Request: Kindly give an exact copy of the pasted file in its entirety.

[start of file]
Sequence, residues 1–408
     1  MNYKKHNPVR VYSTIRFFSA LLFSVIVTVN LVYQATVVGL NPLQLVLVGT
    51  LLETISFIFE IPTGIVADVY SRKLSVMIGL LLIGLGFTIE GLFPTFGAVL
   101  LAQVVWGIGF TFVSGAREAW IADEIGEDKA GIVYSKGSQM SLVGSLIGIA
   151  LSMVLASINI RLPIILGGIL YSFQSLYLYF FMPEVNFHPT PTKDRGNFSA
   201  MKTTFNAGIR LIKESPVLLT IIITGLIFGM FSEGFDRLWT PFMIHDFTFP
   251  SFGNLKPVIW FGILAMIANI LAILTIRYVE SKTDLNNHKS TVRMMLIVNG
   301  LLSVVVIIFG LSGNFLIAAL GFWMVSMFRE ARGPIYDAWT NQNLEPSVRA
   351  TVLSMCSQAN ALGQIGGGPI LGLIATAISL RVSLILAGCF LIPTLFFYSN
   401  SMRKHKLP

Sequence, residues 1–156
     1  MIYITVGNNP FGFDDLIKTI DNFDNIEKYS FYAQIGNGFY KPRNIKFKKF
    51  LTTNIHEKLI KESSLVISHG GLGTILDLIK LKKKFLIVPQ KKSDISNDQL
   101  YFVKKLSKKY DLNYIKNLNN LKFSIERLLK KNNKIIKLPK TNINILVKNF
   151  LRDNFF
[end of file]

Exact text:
Sequence, residues 1–408
     1  MNYKKHNPVR VYSTIRFFSA LLFSVIVTVN LVYQATVVGL NPLQLVLVGT
    51  LLETISFIFE IPTGIVADVY SRKLSVMIGL LLIGLGFTIE GLFPTFGAVL
   101  LAQVVWGIGF TFVSGAREAW IADEIGEDKA GIVYSKGSQM SLVGSLIGIA
   151  LSMVLASINI RLPIILGGIL YSFQSLYLYF FMPEVNFHPT PTKDRGNFSA
   201  MKTTFNAGIR LIKESPVLLT IIITGLIFGM FSEGFDRLWT PFMIHDFTFP
   251  SFGNLKPVIW FGILAMIANI LAILTIRYVE SKTDLNNHKS TVRMMLIVNG
   301  LLSVVVIIFG LSGNFLIAAL GFWMVSMFRE ARGPIYDAWT NQNLEPSVRA
   351  TVLSMCSQAN ALGQIGGGPI LGLIATAISL RVSLILAGCF LIPTLFFYSN
   401  SMRKHKLP

Sequence, residues 1–156
     1  MIYITVGNNP FGFDDLIKTI DNFDNIEKYS FYAQIGNGFY KPRNIKFKKF
    51  LTTNIHEKLI KESSLVISHG GLGTILDLIK LKKKFLIVPQ KKSDISNDQL
   101  YFVKKLSKKY DLNYIKNLNN LKFSIERLLK KNNKIIKLPK TNINILVKNF
   151  LRDNFF